A lake ecosystem is made up of living and nonliving parts that all interact with each other to form a stable system. These interactions assure the lake ecosystem's health and sustainability. It is a fine balance of production and decomposition, made possible by the biodiversity that occurs in a healthy lake ecosystem.
The sun is the supplier of all life. The beginning of any food chain, it provides the energy needed for basic food sources to grow. In the case of a lake, phytoplankton (composed mainly of algae) is the basic food source. Phytoplankton is a photo-synthesizer, requiring adequate sunlight and temperature to grow.
In the lake ecosystem, phytoplankton is referred to as a producer. Along with sunlight, it requires inorganic ingredients such as phosphorous and nitrogen to prosper. A healthy ecosystem requires just the right amount of phytoplankton at any given time. Too little and there is not enough food to go around. Too much and there is not enough light.
Primary consumers are zooplankton. Zooplankton are the animal portion of the free-floating, living particles in water. As primary consumers, they eat bacteria, algae, detritus and sometimes other zooplankton.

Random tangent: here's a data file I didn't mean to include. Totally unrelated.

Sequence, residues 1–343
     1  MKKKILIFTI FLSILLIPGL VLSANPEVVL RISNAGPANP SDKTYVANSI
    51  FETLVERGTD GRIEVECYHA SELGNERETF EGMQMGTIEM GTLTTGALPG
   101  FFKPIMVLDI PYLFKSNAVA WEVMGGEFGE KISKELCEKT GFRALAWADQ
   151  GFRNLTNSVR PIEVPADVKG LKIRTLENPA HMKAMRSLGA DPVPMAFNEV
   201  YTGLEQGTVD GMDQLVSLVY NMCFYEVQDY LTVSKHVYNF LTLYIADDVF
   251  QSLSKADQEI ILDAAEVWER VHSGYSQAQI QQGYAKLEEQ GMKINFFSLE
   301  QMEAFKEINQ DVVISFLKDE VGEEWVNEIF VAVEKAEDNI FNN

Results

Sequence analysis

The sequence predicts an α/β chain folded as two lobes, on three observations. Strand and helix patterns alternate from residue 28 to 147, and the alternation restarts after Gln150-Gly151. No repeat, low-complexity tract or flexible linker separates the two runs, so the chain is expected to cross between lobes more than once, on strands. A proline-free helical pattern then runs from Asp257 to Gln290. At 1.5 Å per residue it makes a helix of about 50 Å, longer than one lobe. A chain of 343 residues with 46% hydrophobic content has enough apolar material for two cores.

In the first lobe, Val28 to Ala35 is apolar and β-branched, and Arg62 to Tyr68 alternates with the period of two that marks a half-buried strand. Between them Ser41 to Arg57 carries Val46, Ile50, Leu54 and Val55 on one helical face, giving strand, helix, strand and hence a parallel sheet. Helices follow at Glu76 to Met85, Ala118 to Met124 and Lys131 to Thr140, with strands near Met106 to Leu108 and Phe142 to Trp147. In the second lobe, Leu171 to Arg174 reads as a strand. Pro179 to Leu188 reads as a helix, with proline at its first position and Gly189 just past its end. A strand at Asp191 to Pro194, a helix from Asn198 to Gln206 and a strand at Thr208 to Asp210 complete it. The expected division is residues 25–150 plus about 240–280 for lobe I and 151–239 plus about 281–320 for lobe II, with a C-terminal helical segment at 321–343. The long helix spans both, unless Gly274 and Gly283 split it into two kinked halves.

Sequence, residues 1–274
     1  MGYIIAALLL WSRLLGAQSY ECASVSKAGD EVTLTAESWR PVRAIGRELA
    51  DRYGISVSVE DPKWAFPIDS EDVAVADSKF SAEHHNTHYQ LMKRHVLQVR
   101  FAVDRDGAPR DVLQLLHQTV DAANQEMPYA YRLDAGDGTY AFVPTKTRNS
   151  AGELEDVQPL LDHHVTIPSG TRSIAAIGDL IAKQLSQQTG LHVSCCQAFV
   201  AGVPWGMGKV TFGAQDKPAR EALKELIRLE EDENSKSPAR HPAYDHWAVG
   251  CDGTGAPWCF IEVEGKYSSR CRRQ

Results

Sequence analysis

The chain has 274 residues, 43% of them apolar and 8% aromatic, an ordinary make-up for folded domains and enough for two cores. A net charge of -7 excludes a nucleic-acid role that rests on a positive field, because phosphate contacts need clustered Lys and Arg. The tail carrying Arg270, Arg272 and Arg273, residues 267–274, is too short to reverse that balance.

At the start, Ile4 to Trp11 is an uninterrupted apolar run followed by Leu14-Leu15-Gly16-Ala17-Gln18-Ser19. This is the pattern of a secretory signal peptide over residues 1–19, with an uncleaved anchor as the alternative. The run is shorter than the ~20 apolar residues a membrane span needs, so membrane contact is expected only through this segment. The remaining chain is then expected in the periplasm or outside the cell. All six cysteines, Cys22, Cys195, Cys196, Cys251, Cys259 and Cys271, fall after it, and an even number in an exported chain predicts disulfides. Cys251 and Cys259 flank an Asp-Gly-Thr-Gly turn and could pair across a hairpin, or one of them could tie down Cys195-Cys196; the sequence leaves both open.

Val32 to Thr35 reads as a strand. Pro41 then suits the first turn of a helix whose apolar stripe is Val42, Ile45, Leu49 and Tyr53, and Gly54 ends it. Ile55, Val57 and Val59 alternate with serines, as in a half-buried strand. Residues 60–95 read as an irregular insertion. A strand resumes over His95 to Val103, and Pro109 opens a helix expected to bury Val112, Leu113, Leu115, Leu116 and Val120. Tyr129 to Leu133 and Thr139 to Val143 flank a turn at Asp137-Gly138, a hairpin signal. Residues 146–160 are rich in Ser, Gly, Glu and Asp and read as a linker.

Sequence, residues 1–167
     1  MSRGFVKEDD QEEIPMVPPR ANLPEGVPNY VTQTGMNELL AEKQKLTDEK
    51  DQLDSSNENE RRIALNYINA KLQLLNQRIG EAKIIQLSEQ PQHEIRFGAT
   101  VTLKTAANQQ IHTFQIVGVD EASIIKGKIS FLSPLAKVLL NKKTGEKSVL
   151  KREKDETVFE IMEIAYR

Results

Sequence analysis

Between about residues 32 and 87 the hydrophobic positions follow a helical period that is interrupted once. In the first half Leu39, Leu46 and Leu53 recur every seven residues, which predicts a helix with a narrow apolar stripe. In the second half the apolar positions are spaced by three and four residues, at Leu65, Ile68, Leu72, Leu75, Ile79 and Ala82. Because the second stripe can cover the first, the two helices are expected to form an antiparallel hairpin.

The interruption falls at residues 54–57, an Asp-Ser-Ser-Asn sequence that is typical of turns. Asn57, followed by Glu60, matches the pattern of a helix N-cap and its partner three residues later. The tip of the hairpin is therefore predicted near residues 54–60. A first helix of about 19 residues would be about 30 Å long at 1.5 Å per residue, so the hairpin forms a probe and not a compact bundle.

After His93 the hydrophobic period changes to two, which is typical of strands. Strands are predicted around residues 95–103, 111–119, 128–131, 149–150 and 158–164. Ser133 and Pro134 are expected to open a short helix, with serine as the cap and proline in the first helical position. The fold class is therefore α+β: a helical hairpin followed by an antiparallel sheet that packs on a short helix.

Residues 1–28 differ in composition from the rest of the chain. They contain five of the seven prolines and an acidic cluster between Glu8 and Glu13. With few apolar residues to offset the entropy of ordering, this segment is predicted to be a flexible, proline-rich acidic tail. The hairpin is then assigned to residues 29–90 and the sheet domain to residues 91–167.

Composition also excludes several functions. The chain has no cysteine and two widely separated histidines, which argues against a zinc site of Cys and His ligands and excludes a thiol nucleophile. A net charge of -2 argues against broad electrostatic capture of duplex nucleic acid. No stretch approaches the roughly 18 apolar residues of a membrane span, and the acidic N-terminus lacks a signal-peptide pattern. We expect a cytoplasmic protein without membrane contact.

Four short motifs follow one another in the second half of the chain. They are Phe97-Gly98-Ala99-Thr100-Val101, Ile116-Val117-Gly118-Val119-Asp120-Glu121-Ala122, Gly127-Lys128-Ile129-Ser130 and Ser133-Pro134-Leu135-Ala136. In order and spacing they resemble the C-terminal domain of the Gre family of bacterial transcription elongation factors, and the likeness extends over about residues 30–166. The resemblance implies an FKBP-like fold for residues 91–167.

Secondary consumers, such as planktivorous fish or predaceous invertebrates, eat zooplankton. Secondary consumers include benthic (bottom-dwelling) organisms like invertebrates and bottom-feeding fish. Small fish, such as sunfish and perch, eat primarily zooplankton, putting them in this category of feeders as well.
Tertiary consumers include larger fish and other carnivorous animals (loons, grebes, herons, and otters). They prey on small fish. Depending on the size and location of the lake, you find different species.
Decomposers, which include bacteria, fungi, and other microorganisms, are the other end of the food chain. They feed on the remains of all aquatic organisms, breaking down or decaying organic matter. Once it has been returned to its inorganic state in this way, it is readily available for new plant growth, and the cycle of life continues.
Our health and many of our activities depend on the health of aquatic ecosystems. If a lake or river system is unhealthy, the water may be unsafe to drink or unsuitable for industry, agriculture, or recreation--even after treatment. This is why humans should try to have as little impact as possible on nature's delicate ecosystems, helping to preserve them at all cost.